The lecture will be followed by a discussion moderated by Associate Prof. Dr. Zijad Becirovic and Bakhtyar Aljaf, who are both directors of IFIMES.

The lecture will be broadcast live on 

Efrat's Mayor fighting for a referndum

■ ON THE home front, Efrat Mayor Oded Revivi is garnering support from both the Left and the Right to solve the national crisis by holding a referendum. While acknowledging that the coalition won the Knesset elections, he is not sure that everyone knew what they were voting for, nor are all the people who voted for the coalition parties particularly happy with the choice of ministers who many believe are doing more harm than good.

Revivi suggests that both the coalition and the opposition set out their proposals for judicial reform in clear, concise language. So far, only the coalition has come up with its intentions, but the opposition has not put forward an alternative, he says. When the voting public has the opportunity to study both and to fully comprehend what they mean for the future of the nation, only a referendum will take Israel out of its present morass, he opines. As things are, there have been negative effects on the economy, on national security and on Israel’s standing in the world, he notes, emphasizing that there can only be progress if the public knows what the issues are, and such progress would be the outcome of a referendum.

Meanwhile, there have been diplomatic rumbles in Arab countries with which Israel has relations, with Jordan leading the field.

What a travesty it would be if all the good work done since the period of the Begin administration was to unravel. Surely Benjamin Netanyahu does not want to see some of his own diplomatic achievements go down the drain.

Israel's flag comes to symbolize fragmentation

■ ONE OF the tragedies of the status quo is that the national flag, which should be a symbol of national unity, has become a symbol of fragmentation. In the days when Shari Arison had the controlling interest in Bank Hapoalim, she introduced the inclusion of national flags in daily newspapers on the eve of Independence Day. But anyone who flies a national flag these days is considered to be against the judicial reforms proposed by the coalition. A lot of people are wondering just how much worse the situation can get.

National Library controversy

■ TELEVISION COVERAGE of the controversy over the continued independence of the National Library focused on construction workers who are in the final stages of completing the magnificent building. Last week, the workers, suppliers and service providers – large and small, were honored at a special closed event that was exclusively geared to people involved in the physical construction of the new building. They were treated to a lively, multicultural performance by the Jerusalem East West Orchestra. The event was the brainchild of Alice Gottesman, daughter of Ruth and the late David (Sandy) Gottesman, the lead donors for the library’s new home.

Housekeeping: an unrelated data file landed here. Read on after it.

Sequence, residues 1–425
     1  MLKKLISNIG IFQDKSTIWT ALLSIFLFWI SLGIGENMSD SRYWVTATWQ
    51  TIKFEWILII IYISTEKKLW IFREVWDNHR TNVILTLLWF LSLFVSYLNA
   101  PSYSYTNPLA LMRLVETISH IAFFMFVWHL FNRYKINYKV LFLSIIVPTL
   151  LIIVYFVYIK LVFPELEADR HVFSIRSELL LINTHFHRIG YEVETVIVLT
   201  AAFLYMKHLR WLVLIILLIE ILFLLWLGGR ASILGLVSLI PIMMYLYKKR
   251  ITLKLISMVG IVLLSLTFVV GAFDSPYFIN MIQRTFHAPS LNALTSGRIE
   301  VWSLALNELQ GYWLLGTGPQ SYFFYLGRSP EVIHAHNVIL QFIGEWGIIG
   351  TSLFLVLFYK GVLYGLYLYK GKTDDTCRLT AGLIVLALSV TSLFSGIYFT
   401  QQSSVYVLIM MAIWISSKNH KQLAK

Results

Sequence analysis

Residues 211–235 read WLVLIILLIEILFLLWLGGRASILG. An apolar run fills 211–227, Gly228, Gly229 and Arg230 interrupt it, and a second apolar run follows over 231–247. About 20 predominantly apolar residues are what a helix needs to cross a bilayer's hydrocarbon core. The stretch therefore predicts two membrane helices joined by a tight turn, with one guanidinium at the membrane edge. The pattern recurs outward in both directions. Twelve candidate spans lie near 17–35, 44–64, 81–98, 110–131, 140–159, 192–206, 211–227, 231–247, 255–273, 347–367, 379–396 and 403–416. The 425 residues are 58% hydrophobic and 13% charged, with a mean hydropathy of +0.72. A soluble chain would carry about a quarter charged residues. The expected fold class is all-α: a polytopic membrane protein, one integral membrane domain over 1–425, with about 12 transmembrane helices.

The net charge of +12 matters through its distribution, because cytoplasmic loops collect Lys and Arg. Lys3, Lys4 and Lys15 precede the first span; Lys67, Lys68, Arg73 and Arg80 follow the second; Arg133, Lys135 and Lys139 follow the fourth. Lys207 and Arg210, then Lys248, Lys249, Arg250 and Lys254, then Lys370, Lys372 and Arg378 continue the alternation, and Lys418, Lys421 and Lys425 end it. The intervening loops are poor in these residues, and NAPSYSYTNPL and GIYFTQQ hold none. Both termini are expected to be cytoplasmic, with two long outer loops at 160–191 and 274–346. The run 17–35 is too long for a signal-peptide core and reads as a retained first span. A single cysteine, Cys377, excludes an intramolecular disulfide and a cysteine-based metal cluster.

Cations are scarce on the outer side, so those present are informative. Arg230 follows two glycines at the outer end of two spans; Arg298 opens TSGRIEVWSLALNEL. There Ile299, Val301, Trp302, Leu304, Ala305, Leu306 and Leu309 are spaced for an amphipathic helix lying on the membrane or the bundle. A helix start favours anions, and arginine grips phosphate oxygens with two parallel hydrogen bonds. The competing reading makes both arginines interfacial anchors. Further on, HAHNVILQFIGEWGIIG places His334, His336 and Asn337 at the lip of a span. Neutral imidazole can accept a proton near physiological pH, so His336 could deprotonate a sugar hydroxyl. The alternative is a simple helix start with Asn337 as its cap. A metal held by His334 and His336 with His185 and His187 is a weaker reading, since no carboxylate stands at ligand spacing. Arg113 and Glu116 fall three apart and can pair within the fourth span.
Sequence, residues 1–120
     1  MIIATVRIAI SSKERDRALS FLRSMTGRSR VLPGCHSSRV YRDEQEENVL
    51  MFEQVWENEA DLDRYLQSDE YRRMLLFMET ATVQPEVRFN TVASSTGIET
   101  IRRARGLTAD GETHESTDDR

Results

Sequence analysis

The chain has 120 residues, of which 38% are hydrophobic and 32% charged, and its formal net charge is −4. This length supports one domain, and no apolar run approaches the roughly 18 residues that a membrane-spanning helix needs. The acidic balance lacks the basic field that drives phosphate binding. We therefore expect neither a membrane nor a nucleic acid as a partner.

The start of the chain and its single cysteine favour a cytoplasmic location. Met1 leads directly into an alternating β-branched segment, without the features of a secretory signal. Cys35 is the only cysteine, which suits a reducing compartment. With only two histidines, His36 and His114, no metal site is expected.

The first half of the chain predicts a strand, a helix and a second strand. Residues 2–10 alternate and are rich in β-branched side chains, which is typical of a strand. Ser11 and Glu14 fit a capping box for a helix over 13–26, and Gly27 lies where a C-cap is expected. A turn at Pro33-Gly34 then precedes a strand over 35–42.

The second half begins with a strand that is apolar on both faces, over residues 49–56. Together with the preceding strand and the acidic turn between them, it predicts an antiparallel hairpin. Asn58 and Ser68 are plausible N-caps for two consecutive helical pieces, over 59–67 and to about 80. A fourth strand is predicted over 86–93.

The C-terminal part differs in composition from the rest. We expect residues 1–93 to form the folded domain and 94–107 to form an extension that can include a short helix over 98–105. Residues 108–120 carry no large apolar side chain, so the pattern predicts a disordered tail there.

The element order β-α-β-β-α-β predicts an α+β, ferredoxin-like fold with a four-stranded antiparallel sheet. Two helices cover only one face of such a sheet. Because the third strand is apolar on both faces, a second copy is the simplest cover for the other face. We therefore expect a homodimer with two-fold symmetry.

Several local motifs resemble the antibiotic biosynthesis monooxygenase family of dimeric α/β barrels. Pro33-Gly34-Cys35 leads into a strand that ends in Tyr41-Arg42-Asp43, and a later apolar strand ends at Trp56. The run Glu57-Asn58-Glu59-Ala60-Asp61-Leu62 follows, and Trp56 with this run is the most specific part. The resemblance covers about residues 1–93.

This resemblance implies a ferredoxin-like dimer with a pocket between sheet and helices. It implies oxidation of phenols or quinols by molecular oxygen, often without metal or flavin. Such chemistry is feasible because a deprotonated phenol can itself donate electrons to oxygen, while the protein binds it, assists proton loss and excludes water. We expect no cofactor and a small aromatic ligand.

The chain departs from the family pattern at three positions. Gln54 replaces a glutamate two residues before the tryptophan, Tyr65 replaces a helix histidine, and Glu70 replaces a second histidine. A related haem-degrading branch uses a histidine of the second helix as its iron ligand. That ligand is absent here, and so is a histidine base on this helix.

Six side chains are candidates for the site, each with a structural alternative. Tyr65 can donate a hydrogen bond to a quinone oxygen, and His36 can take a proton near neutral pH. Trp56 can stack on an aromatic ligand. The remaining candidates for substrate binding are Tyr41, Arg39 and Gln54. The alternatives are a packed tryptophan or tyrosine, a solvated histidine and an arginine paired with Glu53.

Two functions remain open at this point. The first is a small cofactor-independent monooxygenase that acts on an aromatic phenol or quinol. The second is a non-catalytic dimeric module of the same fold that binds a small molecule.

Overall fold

Alice Gottesman, who specially came to Israel for this meaningful occasion, drew a comparison between the role of each worker and letters of the alphabet, saying “You are all letters in this story.”

NLI Chairman Sallai Meridor, in expressing appreciation, told the gathering that they could all take pride in telling their children and grandchildren that they were part of this enterprise and its spirit.

Max Beckenbauer of the architecture firm Herzog and de Meuron noted: “This building, at the end of the day, is greater than the sum of its parts. To work on it has been our privilege, and our pleasure.”

Miki Sofer, representing contractor Electra Construction, mused, “Would I do this project again? Yes, but I would make sure to be back to work as usual the next day.”

Eran Pollak of the project management firm Poran Shrem read a comprehensive list of thanks to all project stakeholders with special thanks to Alice Gottesman for recognizing the importance of all who worked on it from start to finish.

The question remains as to whether the same people will be invited to the official opening of the library, which is scheduled to be in the fall of this year.